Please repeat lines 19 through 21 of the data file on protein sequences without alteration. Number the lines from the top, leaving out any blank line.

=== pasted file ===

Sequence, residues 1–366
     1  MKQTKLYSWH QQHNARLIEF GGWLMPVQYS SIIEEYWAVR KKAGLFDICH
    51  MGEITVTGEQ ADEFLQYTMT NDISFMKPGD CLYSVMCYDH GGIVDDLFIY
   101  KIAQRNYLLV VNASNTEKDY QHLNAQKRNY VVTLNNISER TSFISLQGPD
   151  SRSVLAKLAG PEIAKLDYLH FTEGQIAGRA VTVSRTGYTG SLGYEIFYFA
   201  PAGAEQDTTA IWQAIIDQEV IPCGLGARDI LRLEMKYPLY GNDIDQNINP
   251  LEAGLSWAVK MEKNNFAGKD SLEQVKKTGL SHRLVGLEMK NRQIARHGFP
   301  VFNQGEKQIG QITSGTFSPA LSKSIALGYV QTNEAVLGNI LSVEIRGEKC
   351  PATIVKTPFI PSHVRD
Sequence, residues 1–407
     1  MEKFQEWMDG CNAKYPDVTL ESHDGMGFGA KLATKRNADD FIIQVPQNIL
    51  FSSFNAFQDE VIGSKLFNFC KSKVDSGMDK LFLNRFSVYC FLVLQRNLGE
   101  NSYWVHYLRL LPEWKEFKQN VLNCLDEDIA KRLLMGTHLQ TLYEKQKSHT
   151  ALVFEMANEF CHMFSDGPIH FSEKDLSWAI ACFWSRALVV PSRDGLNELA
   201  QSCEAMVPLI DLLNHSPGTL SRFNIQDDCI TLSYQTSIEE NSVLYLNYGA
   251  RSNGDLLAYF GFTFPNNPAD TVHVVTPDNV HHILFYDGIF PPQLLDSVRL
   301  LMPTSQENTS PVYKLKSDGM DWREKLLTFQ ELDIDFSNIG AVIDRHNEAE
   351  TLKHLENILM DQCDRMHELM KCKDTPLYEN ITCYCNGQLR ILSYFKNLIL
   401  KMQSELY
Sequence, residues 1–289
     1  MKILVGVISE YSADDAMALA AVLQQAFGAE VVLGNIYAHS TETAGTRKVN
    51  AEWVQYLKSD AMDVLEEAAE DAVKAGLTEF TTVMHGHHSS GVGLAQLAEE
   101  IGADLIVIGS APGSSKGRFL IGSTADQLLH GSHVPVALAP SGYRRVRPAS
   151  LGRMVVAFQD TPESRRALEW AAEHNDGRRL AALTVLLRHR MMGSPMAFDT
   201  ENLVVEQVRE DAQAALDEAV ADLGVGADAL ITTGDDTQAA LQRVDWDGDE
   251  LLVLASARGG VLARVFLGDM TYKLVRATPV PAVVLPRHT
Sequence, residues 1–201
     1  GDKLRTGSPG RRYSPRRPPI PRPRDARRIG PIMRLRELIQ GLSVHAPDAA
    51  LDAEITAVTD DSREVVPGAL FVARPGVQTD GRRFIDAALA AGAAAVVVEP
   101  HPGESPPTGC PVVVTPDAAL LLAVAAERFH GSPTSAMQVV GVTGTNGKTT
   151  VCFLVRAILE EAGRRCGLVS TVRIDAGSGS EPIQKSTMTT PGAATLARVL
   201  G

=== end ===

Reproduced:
   401  KMQSELY
Sequence, residues 1–289
     1  MKILVGVISE YSADDAMALA AVLQQAFGAE VVLGNIYAHS TETAGTRKVN